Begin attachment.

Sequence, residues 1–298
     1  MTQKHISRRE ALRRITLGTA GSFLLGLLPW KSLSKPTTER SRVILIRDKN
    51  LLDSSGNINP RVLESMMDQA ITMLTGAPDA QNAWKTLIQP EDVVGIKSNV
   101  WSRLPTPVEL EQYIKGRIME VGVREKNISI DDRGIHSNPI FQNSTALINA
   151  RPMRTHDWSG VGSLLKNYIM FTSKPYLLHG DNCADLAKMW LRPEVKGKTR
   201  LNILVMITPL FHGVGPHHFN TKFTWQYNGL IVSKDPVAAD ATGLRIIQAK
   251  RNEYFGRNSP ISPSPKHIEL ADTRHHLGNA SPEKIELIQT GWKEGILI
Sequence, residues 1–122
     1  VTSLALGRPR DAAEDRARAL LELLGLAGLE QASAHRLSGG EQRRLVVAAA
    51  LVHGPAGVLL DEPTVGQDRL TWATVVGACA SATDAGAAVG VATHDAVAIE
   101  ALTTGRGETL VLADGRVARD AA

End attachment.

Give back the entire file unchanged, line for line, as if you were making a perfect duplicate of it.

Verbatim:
Sequence, residues 1–298
     1  MTQKHISRRE ALRRITLGTA GSFLLGLLPW KSLSKPTTER SRVILIRDKN
    51  LLDSSGNINP RVLESMMDQA ITMLTGAPDA QNAWKTLIQP EDVVGIKSNV
   101  WSRLPTPVEL EQYIKGRIME VGVREKNISI DDRGIHSNPI FQNSTALINA
   151  RPMRTHDWSG VGSLLKNYIM FTSKPYLLHG DNCADLAKMW LRPEVKGKTR
   201  LNILVMITPL FHGVGPHHFN TKFTWQYNGL IVSKDPVAAD ATGLRIIQAK
   251  RNEYFGRNSP ISPSPKHIEL ADTRHHLGNA SPEKIELIQT GWKEGILI
Sequence, residues 1–122
     1  VTSLALGRPR DAAEDRARAL LELLGLAGLE QASAHRLSGG EQRRLVVAAA
    51  LVHGPAGVLL DEPTVGQDRL TWATVVGACA SATDAGAAVG VATHDAVAIE
   101  ALTTGRGETL VLADGRVARD AA